Our friends at Voices of Youth (VOY) have kindly given Insight permission to republish an interview conducted today by UNICEF in New York City.
Voices of Youth met Kayf Abdulqadir, a young filmmaker from Canada, and asked her some questions. Her video ‘3 Things You Should Know About My Hijab’ is the runner up for the Insight Award in this year’s PLURAL+ festival.
VOY: What is your video about?
Kayf: We decided to do a film about the most common questions that most hijabis get and we wanted to film it in a way that would showcase our personalities. So we went with a more quirky approach. Most of the time we are perceived in a negative light, and by ‘we’ I mean the community of women that wears the hijab. That alone was our motivation to create something more upbeat and light-hearted.
VOY: Why do you think global audiences need to see your film?
Kayf: We want to change the way Muslim women are portrayed today in the media. Many people have a preconceived notion that we are dull, oppressed with no sense of humour. I beg to differ. C’mon, you’re talking to the two time reigning champion of ‘knock-knock’ jokes in Canada! But in all seriousness, I think it’s important for people to see that side of us .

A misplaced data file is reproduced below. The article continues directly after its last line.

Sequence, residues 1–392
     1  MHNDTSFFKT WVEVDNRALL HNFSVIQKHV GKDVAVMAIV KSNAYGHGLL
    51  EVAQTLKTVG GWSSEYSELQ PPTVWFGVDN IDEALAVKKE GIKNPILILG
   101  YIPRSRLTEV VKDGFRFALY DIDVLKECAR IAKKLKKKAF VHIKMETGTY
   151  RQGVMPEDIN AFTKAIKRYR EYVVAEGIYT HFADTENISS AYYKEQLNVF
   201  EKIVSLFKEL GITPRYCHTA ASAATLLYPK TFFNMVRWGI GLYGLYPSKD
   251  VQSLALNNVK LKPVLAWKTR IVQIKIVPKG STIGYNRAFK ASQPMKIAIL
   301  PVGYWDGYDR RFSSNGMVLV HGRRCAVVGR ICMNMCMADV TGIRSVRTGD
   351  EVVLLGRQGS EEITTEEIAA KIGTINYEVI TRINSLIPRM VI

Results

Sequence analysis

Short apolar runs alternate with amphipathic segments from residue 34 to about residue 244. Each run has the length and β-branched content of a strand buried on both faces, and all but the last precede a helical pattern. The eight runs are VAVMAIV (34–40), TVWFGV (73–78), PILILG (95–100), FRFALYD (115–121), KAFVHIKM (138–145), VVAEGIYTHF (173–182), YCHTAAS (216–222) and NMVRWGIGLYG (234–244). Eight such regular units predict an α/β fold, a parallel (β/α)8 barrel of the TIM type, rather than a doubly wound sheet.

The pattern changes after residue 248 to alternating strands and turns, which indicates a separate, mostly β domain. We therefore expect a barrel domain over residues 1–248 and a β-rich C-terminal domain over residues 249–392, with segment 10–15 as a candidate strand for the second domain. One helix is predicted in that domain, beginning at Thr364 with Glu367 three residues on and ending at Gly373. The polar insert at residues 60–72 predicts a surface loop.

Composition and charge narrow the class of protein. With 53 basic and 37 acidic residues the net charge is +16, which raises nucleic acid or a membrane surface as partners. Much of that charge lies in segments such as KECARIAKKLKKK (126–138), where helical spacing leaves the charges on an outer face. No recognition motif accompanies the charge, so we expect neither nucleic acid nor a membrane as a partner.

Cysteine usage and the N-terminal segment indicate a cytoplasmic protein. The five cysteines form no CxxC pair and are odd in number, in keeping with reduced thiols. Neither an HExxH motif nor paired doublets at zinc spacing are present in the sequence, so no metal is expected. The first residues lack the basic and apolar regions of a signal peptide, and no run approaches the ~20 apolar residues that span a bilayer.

VOY: What was the most memorable moment from the filmmaking process?
Kayf: It was getting one of the actresses (Sarah) to jump in the shower fully clothed for one of the scenes. It was quite funny because originally we were going to just sort of fake the motions of somebody taking a shower but she insisted we commit to the scene and actually turn the shower on.
VOY: Why do you think it is important for young people to make videos and other multimedia products?
Kayf: How else would our voices be heard? How else would we represent ourselves and our individual journeys? We are living in a time where media is everywhere and extremely accessible to most people. Everyone wants someone they could relate to and by having social media sites such YouTube, which can reach big audiences from your bedroom, it is important now more than ever to use these tools.
VOY: This year we are celebrating the 25th anniversary of the Convention on the Rights of the Child -what role do you think youth media makers can play in teaching children about their rights?
Kayf: They can be role models and teachers. I think youth to youth interaction is the most powerful connection because they can relate to us and also be less intimidated sharing their ideas.
VOY: Are you working on any other films right now? Is there a particular film project or story that you’d really like to tell?
Kayf: There is always something in the works … Specs and Veil on YouTube is where it all started and it has our most popular video ‘Somali Problems’ and also our newest video ‘Chronicles of a Somali Girl’.